The HMRC has just announced a major overhaul to the UK’s corporation tax system, with significant implications for businesses of all sizes. So brace yourself as the tax rate is set to increase to its highest level in decades.
Corporation Tax Update in the UK: 2023/2024 Changes
As we move further into 2023, the UK government has announced some significant changes to the country’s corporation tax update that are set to effect from 1 April 2023.
These changes are part of a broader effort to boost the country’s economy and promote investment in the wake of the COVID-19 pandemic.
While some of the changes may be unsettling for businesses, particularly those subject to the new higher tax rate, there are also opportunities for small businesses to benefit from new tax relief schemes.
In this blog, we’ll delve into the details of the upcoming corporation tax update and explore how businesses can prepare themselves for the impact. So keep reading until the end to get ready for another UK tax year!
Overview of UK Corporation Tax Update
Before diving into the details, let’s first provide a brief overview of corporation tax in the UK. Corporation tax is levied on the profits of limited companies and some other organizations, such as clubs, cooperatives, and unincorporated associations.
The UK government determines the corporation tax update rate, and is subject to change each fiscal year.
In the 2023/2024 fiscal year, significant changes to corporation tax rates and policies have been announced, aimed at boosting the economy, encouraging investment, and ensuring that businesses pay their fair share of tax.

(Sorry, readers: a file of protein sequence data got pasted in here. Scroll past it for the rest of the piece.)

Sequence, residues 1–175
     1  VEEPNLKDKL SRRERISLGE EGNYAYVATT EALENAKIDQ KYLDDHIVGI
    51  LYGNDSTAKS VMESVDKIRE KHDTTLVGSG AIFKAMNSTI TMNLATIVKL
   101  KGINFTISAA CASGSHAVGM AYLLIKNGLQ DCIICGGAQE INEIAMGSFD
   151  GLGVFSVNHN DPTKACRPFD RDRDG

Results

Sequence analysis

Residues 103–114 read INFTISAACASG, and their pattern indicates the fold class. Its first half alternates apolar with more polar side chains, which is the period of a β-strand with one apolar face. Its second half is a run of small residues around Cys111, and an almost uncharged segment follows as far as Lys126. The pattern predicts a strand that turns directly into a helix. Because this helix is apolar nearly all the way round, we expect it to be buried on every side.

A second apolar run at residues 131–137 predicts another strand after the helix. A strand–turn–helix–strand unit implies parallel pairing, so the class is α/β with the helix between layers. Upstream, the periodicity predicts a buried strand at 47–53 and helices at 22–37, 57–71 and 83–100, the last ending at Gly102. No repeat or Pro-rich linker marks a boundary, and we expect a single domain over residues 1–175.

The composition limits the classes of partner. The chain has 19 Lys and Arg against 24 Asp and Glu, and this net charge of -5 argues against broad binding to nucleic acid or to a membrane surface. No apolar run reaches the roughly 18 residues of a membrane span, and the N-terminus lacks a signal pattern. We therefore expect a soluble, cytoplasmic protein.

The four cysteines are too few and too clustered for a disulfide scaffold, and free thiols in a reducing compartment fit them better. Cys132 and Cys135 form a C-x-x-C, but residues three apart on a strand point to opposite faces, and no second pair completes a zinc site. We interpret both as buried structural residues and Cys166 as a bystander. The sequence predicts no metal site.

These changes will affect both large enterprises and SMEs, making companies need to understand the implications and take appropriate action.
Key Changes in Corporation Tax Rates
The most notable UK corporation tax update for 2023/2024 is the increase in the main tax rate. While the rate had previously been set at 19%, it has now been increased to 25% for companies with profits over £250,000.
This change represents a significant shift and could considerably impact larger enterprises.
However, it’s essential to note that a tapered rate system has been introduced, with the tax rate rising gradually between the previous rate of 19% and the new rate of 25%.
Companies with profits between £50,000 and £250,000 will be subject to this tapered rate, ensuring that smaller businesses are not disproportionately affected.
Impact on Large Enterprises
The increase in the main corporation tax rate will significantly affect large enterprises with profits exceeding £250,000.
While these companies will still enjoy the UK’s relatively competitive corporation tax rate compared to other countries, they must account for this increased tax burden in their financial planning.
This change may also have implications for multinational companies operating in the UK, as the higher tax rate may impact their decisions on where to locate their operations or invest capital. This could lead to a shift in investment patterns and even job creation.
Impact on Small and Medium Enterprises (SMEs)
SMEs, defined as companies with profits below £250,000, will experience a more nuanced impact from the 2023/2024 corporation tax update.
Those with profits below £50,000 will continue to be subject to the 19% corporation tax rate, providing some relief for the smallest businesses.